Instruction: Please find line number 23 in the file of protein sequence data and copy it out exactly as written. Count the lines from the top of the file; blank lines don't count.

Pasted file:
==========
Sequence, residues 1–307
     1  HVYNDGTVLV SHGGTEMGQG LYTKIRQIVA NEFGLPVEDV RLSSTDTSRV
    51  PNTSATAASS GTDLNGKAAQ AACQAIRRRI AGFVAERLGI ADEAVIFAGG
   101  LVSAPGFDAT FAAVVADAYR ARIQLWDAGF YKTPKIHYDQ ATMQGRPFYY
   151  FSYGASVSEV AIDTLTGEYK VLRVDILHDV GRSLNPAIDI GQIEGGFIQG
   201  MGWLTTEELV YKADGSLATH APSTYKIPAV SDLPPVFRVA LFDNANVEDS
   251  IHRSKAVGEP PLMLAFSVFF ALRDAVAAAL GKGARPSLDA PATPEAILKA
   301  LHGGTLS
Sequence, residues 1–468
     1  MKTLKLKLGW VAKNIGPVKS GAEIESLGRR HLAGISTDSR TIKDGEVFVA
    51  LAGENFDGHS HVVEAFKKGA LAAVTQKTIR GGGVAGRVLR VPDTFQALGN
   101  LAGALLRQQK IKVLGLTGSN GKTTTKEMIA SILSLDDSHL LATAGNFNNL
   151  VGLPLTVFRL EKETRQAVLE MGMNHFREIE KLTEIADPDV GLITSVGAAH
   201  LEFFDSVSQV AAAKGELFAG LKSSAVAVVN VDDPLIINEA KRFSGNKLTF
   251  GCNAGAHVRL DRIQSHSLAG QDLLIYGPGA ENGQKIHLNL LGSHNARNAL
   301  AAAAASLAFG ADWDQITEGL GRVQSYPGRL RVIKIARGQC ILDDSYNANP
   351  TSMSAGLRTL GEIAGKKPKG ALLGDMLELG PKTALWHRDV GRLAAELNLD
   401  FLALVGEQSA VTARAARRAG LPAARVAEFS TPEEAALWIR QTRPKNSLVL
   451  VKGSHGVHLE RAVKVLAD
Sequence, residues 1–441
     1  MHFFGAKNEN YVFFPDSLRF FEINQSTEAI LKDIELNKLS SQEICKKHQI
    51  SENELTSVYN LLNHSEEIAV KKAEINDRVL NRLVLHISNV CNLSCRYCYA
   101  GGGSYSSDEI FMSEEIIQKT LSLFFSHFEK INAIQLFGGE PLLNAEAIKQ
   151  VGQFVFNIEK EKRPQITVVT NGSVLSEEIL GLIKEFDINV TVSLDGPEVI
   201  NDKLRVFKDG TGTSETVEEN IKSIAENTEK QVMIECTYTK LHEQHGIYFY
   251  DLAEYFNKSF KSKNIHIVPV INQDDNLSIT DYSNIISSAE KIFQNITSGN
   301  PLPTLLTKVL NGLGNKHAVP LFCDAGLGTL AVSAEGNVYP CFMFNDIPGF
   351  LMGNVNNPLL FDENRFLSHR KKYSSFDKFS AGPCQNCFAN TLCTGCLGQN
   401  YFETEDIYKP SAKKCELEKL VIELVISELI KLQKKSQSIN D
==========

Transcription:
   101  GGGSYSSDEI FMSEEIIQKT LSLFFSHFEK INAIQLFGGE PLLNAEAIKQ